Politicians buck the three-tier government system
The state's failure to deliver textbooks in Limpopo is well documented. But a simple question remains: Where does the political buck stop when a province fails to deliver?
On the one hand, delivery is the duty of the provincial government. On the other, the national government invoked a constitutional provision, section 100(b), to take control of provincial administration. But, despite that and the state's promises in court, textbooks have still not reached every pupil.
The constitutional and political questions that must be settled are: What does the principle of co-operative governance really mean? Is it a hindrance to accountability? Is the three-tier system of government suited to service delivery?
If the textbook saga is anything to go by, the three-tier system does not enhance accountability. In fact, it has become a handy excuse, the wall behind which political principals hide. It undermines responsive government because national and provincial departments simply accuse each other of irresponsibility.
The adviser to the minister of basic education, Panyaza Lesufi, told me that the national department is hamstrung by low co-operation in Limpopo. Thus he implied, in part, that calls for the minister to resign are inappropriate.
The three tiers of government do not imply a neat separation of responsibility. In the Inter-governmental Relations Framework Act (2005) there are clear, intricate oversight and supervision mechanisms. Perhaps because of a lack of familiarity with them, Minister of Basic Education Angie Motsheka stated on television that the core of her job was policymaking.
Delivery, by implication, is for other people - a perfect example of co-operative governance being used to avoid responsibility.
Of course, one might sympathise with the national department's woes. Even the more popular health minister, Aaron Motsoaledi, recently found himself fielding hard questions from the Sunday Times about problems with the Eastern Cape health department. He said there was little he could do if the provincial government did not let him help it.
Again, the subtext was clear: do not blame national government, blame provincial government.
To be fair, there are clearly countless incompetent politicians and public servants in our provincial governments and departments, hence the delivery crises. But what, then, does co-operative governance mean in a context of provincial and local incompetence?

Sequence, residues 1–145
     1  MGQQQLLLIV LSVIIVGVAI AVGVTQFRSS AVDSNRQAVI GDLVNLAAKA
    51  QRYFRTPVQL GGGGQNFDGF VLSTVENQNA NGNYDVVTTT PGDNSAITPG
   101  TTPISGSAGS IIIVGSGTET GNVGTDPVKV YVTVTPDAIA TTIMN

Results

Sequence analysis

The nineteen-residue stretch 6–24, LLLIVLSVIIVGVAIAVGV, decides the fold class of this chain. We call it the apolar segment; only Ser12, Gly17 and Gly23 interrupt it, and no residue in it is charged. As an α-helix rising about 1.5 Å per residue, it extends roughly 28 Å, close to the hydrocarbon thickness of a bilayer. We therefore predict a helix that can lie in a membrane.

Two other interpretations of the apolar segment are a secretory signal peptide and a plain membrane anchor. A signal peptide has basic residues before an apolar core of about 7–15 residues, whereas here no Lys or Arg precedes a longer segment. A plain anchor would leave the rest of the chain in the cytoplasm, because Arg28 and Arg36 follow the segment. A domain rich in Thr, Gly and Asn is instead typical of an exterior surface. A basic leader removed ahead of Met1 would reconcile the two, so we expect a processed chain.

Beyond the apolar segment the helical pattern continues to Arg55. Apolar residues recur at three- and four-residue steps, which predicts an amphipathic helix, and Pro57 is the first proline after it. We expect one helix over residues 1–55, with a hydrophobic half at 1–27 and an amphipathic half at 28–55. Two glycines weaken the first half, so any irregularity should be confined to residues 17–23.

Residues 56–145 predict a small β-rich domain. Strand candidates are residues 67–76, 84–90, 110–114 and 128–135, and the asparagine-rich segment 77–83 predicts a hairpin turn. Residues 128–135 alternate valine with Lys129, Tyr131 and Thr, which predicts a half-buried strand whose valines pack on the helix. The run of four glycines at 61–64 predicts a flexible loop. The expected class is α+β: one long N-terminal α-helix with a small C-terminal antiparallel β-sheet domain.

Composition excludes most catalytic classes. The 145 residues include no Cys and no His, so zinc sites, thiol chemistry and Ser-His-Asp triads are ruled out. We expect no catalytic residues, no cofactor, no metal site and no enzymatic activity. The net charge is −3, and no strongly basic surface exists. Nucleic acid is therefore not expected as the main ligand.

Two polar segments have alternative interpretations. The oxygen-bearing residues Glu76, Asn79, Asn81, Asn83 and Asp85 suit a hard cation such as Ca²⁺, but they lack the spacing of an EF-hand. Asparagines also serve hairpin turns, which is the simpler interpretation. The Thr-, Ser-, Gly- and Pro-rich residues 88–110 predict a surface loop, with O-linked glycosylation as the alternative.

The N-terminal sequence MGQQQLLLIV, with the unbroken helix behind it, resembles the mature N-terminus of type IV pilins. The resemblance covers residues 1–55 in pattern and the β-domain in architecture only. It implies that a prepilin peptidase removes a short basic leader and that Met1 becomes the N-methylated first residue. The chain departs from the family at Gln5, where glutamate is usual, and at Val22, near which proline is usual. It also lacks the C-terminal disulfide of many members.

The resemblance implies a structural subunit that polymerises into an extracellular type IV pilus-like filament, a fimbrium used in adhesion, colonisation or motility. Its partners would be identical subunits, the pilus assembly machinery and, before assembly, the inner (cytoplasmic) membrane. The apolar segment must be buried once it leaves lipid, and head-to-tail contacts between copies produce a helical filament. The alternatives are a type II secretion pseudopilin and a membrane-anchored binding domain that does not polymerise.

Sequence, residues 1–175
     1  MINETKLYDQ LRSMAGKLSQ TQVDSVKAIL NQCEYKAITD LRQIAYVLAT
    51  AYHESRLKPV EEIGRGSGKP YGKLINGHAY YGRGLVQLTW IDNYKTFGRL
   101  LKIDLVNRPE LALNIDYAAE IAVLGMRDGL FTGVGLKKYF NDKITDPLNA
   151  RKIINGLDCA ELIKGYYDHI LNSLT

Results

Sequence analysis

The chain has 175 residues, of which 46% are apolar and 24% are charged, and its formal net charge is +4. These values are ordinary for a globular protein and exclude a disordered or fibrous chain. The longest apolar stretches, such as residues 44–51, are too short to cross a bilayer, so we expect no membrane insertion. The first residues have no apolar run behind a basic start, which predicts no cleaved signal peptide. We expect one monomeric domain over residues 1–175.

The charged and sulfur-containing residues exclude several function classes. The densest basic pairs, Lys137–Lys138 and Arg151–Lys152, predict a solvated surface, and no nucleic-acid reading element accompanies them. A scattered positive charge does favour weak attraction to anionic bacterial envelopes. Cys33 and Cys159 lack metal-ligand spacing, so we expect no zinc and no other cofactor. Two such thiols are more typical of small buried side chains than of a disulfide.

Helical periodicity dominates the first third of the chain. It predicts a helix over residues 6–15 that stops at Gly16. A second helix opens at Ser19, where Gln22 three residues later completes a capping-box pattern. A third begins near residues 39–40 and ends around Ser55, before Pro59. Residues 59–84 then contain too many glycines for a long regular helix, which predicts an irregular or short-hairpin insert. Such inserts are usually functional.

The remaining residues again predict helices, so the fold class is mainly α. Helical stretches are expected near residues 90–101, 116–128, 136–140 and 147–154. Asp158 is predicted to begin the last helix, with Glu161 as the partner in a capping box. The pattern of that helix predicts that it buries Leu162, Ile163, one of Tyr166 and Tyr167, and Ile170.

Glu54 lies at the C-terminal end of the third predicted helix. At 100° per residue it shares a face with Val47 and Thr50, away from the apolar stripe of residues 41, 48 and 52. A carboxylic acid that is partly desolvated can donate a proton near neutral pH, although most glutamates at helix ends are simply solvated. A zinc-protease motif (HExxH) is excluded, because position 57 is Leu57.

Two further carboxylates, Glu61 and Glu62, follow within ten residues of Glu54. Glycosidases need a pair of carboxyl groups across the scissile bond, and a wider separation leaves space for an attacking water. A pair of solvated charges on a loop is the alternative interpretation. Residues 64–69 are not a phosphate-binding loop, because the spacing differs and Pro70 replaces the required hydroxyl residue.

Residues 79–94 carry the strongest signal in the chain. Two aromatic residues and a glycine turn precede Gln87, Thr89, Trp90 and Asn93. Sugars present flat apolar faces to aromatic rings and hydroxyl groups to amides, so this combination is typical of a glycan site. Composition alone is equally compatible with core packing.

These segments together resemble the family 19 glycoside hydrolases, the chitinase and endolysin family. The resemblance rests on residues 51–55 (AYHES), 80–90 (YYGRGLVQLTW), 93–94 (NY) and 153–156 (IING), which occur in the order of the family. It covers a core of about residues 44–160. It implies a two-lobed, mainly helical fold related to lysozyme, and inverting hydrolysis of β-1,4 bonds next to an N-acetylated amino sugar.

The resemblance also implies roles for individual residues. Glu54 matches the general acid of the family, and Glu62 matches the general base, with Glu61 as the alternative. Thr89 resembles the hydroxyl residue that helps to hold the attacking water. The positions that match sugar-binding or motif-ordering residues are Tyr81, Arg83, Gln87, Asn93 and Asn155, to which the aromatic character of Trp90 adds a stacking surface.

The national department has the ultimate legal responsibility for the delivery of textbooks when section 100 of the Constitution is invoked.
This, too, seems to have escaped the minister of basic education.
Our co-operative governance laws, and if necessary the Constitution itself, should be amended to make national departments responsible ab initio for delivery, instead of delegating the responsibility to provinces and hoping for the best. Would that be unfair?
Not at all. Such a clarification of ultimate responsibility would increase the chances of national departments ensuring administrative competence in all spheres of government.
It would also give them the incentive to push hard in the Cabinet for national and presidential powers of appointment to be used to ensure the right officials are appointed provincially and locally.
Such appointments would still be political in nature, but the citizens' right to hold national departments legally accountable should encourage more sensible appointments.
It would also force departments to think more carefully about their systems to ensure that when unavoidable and remotely located governance mistakes happen, early warning systems kick in. In the Limpopo case, for example, the spokesperson for the ministry of basic education, Hope Mokgatlhe, said: "The early-warning system arrived late."
If her political principal had ultimate constitutional responsibility for textbook delivery, I am sure such warning systems would be less idle.
Finally, we must flag a more fundamental debate in the light of the textbook saga. Should we have provinces at all? If so, do we have the right number? Are they appropriately demarcated?
Of course, the ANC has begun this debate internally, but it is a matter of national urgency and wider public interest to reflect on the model of co-operative governance we chose in 1994. This debate should now unfold with greater vigour than we have seen so far.
But, ultimately, we should not fool ourselves. The three-tier system of government did not guarantee that pupils in Limpopo got textbooks and simply redesigning the system will not help. Provincial government is not inherently doomed. The problem is incompetent, corrupt and self-serving politicians and officials, who are in cahoots with corrupt private sector service providers.
We must be careful that we do not change one system - the complex three-tier model - while ignoring the real problem of incompetent and unco-operative bureaucrats and political principals. No governance system is immune to such persons.
Active and watchful citizenship might be our only bulwark against the lack of delivery.
Eusebius McKaiser is an associate at the Wits Centre for Ethics. He also hosts Talk at Nine on Talk Radio 702. Follow him on Twitter @eusebius